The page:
I don't know all the literature that Bill Bakke has for the Native Fish Society, but it is hte most comprehensive online bibiolograph of hatchery vs. wild interactions. The link is below and the literature will stun you if you are not aware of the hatchery impacts:

    http://www.nativefishsociety.org/conservation/biblio/wild_vs_hatchery/index.html


    Now I am going to ry and watch MNF, so leave me along:eek: JK of course.

    Most of hte relevant literature requires a membership to the scientific journal, so that may screw you. But please, read the literature on th NFS website, you will learn alot.

    The bottom line is this:
    If you produce hatchery fish in small enough numbers they can survive with some wild populations, but not all. The problem with this is that if yo only produce 10k coho smolts, which might be a sustainable level, you only get 100 adults back, which doesn't help the fishery much. So WDFW ignores the science and dumps millions in the rivers and oceans to appease commercial fishers.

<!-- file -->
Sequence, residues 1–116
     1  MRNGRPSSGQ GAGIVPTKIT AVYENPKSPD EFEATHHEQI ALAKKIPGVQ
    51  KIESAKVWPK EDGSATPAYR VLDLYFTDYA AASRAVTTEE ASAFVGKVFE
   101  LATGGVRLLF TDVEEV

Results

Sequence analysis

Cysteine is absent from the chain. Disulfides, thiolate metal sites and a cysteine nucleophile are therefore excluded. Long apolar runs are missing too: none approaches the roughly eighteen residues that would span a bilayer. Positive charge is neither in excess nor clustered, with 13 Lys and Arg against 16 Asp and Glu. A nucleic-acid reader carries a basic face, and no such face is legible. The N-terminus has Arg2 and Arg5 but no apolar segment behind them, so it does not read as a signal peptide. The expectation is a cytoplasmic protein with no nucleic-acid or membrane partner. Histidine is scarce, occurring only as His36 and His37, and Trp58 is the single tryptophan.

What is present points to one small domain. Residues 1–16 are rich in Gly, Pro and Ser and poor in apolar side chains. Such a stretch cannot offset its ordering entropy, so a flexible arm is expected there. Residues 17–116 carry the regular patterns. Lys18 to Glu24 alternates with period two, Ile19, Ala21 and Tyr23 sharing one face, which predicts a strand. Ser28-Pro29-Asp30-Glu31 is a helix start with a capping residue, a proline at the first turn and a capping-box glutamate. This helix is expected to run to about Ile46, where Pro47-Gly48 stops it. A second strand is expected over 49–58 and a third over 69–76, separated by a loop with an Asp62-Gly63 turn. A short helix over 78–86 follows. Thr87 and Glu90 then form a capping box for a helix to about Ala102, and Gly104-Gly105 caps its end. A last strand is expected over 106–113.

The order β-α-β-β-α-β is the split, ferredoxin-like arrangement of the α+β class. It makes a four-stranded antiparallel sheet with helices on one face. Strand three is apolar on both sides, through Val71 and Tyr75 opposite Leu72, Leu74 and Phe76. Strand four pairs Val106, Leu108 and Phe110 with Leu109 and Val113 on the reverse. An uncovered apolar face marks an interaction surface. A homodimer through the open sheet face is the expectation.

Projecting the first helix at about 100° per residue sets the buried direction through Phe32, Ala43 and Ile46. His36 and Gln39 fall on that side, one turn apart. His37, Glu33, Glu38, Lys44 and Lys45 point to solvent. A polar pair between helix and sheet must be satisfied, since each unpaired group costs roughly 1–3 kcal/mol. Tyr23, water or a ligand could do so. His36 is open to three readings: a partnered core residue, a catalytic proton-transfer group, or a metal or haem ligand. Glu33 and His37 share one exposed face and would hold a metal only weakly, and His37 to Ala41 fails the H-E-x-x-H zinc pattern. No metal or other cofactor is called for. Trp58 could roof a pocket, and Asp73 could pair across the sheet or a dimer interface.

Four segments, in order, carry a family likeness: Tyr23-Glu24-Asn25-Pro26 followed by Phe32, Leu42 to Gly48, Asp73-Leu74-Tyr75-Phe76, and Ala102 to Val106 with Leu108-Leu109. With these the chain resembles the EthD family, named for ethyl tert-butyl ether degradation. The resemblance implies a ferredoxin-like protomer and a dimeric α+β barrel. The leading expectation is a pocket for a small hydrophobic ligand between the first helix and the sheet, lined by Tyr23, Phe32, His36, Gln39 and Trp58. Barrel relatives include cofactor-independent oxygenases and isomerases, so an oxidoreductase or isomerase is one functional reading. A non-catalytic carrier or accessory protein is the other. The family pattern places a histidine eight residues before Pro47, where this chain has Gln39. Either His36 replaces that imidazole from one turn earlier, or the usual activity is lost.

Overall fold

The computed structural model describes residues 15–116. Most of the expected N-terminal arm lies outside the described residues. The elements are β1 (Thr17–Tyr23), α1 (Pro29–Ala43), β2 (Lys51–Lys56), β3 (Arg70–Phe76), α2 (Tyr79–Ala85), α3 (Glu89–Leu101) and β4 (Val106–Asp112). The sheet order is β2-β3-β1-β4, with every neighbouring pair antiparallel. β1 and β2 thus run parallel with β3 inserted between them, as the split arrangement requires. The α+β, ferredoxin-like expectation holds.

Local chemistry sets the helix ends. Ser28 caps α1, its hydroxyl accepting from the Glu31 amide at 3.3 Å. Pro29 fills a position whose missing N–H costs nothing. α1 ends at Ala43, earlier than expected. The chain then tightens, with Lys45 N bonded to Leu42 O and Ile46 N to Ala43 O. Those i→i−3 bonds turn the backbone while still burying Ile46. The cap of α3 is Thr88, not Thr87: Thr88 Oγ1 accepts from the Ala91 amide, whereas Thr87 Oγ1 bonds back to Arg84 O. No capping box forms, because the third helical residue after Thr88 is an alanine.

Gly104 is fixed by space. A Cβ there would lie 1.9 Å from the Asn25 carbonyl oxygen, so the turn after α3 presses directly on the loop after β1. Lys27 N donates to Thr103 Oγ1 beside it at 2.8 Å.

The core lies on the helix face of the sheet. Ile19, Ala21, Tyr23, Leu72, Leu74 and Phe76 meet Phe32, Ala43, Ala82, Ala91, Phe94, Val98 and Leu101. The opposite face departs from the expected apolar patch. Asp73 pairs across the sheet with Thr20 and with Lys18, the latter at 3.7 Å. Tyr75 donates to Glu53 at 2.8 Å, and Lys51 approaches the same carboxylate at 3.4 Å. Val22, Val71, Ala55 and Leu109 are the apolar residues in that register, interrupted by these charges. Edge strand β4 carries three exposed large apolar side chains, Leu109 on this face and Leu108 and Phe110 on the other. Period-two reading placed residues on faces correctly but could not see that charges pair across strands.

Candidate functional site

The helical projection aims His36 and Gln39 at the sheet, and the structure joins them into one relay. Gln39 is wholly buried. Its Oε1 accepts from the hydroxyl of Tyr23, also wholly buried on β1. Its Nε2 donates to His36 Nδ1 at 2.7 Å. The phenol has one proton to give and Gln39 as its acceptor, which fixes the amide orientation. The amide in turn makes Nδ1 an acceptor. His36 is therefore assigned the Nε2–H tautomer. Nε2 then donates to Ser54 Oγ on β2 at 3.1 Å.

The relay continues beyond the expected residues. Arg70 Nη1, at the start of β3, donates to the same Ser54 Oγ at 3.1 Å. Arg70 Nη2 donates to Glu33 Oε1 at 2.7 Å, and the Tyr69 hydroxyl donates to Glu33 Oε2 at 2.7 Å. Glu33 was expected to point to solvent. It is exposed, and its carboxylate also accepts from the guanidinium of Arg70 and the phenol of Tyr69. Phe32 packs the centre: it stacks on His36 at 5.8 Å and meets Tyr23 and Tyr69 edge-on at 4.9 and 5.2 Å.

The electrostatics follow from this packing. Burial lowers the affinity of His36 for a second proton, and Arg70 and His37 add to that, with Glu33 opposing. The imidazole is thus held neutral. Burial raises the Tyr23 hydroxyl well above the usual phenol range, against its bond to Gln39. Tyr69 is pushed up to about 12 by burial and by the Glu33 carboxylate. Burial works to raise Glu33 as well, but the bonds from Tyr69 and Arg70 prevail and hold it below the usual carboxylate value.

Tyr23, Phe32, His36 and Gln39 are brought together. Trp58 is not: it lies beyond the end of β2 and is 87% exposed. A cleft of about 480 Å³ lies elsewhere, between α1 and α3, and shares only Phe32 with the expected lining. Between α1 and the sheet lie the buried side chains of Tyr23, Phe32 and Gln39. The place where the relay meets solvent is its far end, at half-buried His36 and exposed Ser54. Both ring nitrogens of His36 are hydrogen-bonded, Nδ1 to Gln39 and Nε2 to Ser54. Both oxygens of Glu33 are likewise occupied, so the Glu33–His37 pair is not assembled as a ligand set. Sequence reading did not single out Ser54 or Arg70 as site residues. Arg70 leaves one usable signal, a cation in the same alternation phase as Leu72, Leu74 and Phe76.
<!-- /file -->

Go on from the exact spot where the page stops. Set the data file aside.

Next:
Hope this helps
     
  15. gordon

    gordon New Member

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    GOod point, WDFW believes the world is flat, thanks for making my point. ptyd

    If you run a baseball team and they go 12-150, is that good management. How about running a football team into the ground. How about poorly running a business. Sure, you could say I had bad players, market didn't go my way, blah blah. Same logic applies to fish management, if the population dives on your watch, you take some of the blame, don't toss responsiblity off to someone else.